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Don’t Let Turkish President Erdogan Bully NATO Like He Bullies Everyone Else

4 minute read
Freedom is a NBA player and human rights activist

As Russia bullies and blisters Ukraine, two small but pivotal Nordic nations are getting belligerent treatment from Turkey as they attempt to join the security alliance NATO in the quest for a safer world.

It should come as no surprise that Turkey’s president Recep Tayyip Erdogan is putting his own interests ahead of both human lives and the interests of the people of Turkey by thuggishly opposing Sweden and Finland’s NATO membership.

As someone at the top of Erdogan’s wanted list, I can’t stress enough that NATO should not agree to any such demands.

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Prominent among them is that Sweden and Finland end their support for Kurdish groups in their territory with alleged ties to the PKK, the Turkish acronym for the Kurdistan Worker’s Party, a separatist group that has waged an insurgency against the Turkish state since 1984. Both Sweden and Finland recognize the PKK as a terrorist organization but this seems to be not enough.

Erdogan urges them to extradite at least 33 individuals he accuses of having ties either to the PKK or to Fethullah Gulen, the U.S.-based cleric he claims was behind the failed coup attempt of 2016, which Gulen strongly denies. According to news reports, Erdogan’s targets include respected publishers, journalists, and activists. They are protected persons, and turning them over to Turkey would violate international law, subjecting them to torture.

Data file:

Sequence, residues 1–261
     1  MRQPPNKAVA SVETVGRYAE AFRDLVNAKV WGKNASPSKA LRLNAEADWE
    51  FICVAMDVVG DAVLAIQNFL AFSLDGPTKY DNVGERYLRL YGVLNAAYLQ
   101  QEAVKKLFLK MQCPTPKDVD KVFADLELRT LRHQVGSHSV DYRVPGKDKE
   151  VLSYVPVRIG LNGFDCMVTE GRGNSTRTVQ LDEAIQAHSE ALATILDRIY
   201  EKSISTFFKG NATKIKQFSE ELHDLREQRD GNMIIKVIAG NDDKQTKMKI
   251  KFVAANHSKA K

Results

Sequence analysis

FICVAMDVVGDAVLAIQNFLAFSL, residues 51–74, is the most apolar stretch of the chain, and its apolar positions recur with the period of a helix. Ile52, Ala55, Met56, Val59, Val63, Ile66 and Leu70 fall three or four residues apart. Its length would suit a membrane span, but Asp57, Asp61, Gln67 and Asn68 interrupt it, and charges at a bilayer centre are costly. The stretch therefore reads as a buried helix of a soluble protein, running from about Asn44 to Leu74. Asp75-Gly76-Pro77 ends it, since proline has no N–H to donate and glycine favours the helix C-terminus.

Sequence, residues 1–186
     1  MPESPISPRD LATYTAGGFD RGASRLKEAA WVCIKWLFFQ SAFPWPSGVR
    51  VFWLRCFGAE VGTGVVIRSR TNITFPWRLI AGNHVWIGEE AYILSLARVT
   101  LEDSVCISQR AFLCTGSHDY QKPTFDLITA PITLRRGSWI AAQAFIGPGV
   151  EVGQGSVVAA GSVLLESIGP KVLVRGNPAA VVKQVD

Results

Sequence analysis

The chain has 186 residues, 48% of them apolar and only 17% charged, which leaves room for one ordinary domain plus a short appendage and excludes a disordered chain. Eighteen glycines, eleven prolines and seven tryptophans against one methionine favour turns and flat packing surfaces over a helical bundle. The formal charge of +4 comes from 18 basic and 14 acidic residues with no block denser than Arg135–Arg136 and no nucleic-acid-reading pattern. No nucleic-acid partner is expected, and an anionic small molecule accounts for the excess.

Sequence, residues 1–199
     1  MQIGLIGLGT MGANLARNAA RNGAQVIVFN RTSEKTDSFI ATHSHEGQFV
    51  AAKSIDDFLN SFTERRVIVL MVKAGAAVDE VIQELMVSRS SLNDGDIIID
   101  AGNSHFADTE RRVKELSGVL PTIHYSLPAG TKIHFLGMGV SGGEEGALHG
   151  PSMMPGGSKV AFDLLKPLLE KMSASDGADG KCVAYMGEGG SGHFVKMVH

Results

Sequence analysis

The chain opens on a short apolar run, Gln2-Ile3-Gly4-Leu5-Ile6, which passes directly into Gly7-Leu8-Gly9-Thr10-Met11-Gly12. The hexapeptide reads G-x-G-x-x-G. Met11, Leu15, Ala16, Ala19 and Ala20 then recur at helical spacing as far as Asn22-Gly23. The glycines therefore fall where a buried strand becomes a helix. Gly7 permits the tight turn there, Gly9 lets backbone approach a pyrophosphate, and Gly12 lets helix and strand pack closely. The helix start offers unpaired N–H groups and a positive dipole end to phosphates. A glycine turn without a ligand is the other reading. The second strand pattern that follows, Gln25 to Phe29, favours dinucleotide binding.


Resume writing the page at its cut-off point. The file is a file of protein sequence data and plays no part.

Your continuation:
Furthermore, Erdogan wants both NATO applicants to lift the arms ban on Ankara that they (and several other European nations) adopted in 2019 when Turkey invaded Syria—not to fight ISIS but to kill the Kurds who were fighting ISIS.

In his usual bullying style, the Turkish president warned diplomats from Sweden and Finland against coming to the capital to negotiate their membership applications.

These childish blows are aimed at rallying nationalism among Turks and deflecting attention from his own poor leadership. Erdogan faces close elections by mid-2023 and the country is in ruins: Human rights have been dismantled, the economy has crumbled, and people can no longer find jobs. He needs to direct the public’s attention elsewhere and claim once again that the downturn is caused by the “outside powers” who are attacking Turkish economy to punish his government for its patriotic stance.

Read more: Why I Stand Up for Freedom in America—And Around the World

There are real-life consequences to his posturing. Membership in NATO requires a unanimous “yes” vote by all 30 members. By throwing a wrench into the works, Erdogan risks the long-term security of millions. Yet if NATO offers concessions, lives will also be lost for years to come, as Erdogan is emboldened.

Turkey needs NATO more than NATO needs the headache that is Turkey. The country’s strategic importance should not be an excuse for appeasing its authoritarian leader. Doing so will allow him to continue to destroy what is left of Turkey’s democracy, help Russia and Iran circumvent Western sanctions, provide a safe haven to religious extremists, and otherwise undermine the principles of democratic security the alliance was formed to protect. The U.S. and the 29 other members need to stand firm against this bully.

One way to do so: Hold Erdogan and his loyalists to account for human rights violations under the Global Magnitsky Act, and require the State Department to provide a detailed account of Erdogan’s net worth and income—along with that of his family members. How’s that for a counteroffer?

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